I’m quite sure there’s not a soul who needs me to try to describe the greatness of The Queen of Soul. Aretha Franklin was one of those artists that’s just universally accepted as magnificent, and deservedly so. Like the Mona Lisa, Aretha’s grandeur had long ago ceased to even be something to assert, her artistry and majesty being so indisputable. When she died, exactly one year ago today, her career was hailed by all – again, entirely properly in my estimation – as one of the most successful, influential and beloved in the history of popular music.
In addition to her incredibly long catalog of classic songs, and equally lengthy list of awards, one other thing that seemingly every retrospective cited was what would undoubtedly have to be considered her signature song, the 1967 global blockbuster, ‘Respect’ (Rolling Stone has it as #5 on their list of ‘The 500 Greatest Songs of All Time’). What I was continually astounded by, however, is that few if any reflections, at least those that I recall seeing, thought it worth noting that ‘Respect’ was not actually her song! No dis-R-E-S-P-E-C-T intended.
As I think most people know, ‘Respect’ was both written and first recorded two years earlier in 1965 by the legendary Otis Redding, for whom it was a significant hit, though this is not for a moment to dispute that Aretha’s version immediately supplanted it as the definitive adaptation (while leaving the lyrics largely intact, Franklin’s take also completely inverted the meaning and story of Redding’s song). Given this incontrovertible though perhaps inconvenient fact, I just thought that Otis deserved to at least be a part of the Aretha tributes. The failure to do so was like solely calling out Jimi Hendrix for ‘All Along The Watchtower,’¹ Joe Cocker for ‘With A Little Help From My Friends,’² or The Who for ‘My Generation.’³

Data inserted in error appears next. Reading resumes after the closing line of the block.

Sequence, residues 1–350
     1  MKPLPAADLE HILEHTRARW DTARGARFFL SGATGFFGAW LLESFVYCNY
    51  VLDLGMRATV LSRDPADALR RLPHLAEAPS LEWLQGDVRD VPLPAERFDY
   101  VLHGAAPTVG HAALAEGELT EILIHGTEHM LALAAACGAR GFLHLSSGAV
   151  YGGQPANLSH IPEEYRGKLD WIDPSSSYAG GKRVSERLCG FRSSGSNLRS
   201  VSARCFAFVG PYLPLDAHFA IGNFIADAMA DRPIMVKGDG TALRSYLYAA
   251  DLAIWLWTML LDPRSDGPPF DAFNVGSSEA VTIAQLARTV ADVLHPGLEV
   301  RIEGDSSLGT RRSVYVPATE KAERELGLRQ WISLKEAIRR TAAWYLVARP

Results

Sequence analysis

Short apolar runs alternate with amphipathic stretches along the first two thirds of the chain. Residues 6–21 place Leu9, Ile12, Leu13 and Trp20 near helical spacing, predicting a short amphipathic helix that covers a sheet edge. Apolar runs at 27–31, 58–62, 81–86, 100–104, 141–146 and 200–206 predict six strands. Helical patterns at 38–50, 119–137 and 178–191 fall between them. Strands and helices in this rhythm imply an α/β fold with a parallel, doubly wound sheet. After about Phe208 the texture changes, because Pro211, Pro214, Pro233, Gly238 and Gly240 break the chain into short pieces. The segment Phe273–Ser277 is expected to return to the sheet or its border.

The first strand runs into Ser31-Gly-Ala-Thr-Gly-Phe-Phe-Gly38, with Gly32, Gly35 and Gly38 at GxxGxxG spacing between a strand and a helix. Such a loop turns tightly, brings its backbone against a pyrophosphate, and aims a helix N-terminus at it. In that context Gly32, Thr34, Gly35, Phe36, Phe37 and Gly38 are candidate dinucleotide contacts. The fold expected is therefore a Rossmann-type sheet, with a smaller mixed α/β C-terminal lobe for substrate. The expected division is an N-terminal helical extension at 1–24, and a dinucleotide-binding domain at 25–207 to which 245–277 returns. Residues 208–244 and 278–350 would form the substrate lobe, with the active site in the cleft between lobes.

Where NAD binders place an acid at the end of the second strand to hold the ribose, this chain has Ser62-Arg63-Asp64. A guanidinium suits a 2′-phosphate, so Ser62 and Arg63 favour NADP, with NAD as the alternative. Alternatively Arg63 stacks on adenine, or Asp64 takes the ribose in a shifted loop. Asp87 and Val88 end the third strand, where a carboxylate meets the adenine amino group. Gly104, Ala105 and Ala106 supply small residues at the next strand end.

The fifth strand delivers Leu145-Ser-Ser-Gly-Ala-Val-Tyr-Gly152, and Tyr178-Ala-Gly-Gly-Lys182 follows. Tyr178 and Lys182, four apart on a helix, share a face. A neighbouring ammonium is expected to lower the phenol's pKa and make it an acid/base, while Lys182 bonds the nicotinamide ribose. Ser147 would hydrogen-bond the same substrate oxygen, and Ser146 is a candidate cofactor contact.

I could never tire of hearing ‘I Never Loved A Man (The Way I Love You),’ ‘Chain Of Fools,’ ‘Think,’ ‘Spanish Harlem,’ ‘Rock Steady,’ ‘I Say A Little Prayer,’ ‘Don’t Play That Song (You Lied),’ ‘Do Right Woman, Do Right Man,’ ‘Dr. Feelgood,’ and hell yeah, even ‘Freeway Of Love’ and ‘Who’s Zoomin’ Who.’ And Aretha’s mesmerizing rendition of ‘Nessun Dorma’ at the 1998 Grammy’s – filling in at the last minute for Luciano Pavarotti, who canceled his appearance after the show had already begun – will forever be remembered as one of the music world’s most spellbinding live performances ever. But perhaps my favorite Aretha recording, especially given an obsession with the blues, was my late discovery of her 1980 album, “Aretha Sings The Blues,” which was actually a compilation of 14 previously released songs from among six albums she’d made throughout her early 1960’s tenure with Columbia Records. Man, what an incredible album! Lord have mercy, let there be absolutely no doubt that a baptist girl brought up on gospel to become The Queen of Soul can most definitely sing the blues. And for that, among many other things, she has my undying respect.
¹a Bob Dylan original, of course
²the Beatles’ classic, naturally
(Aretha recorded this song on her very first album, at the age of 18)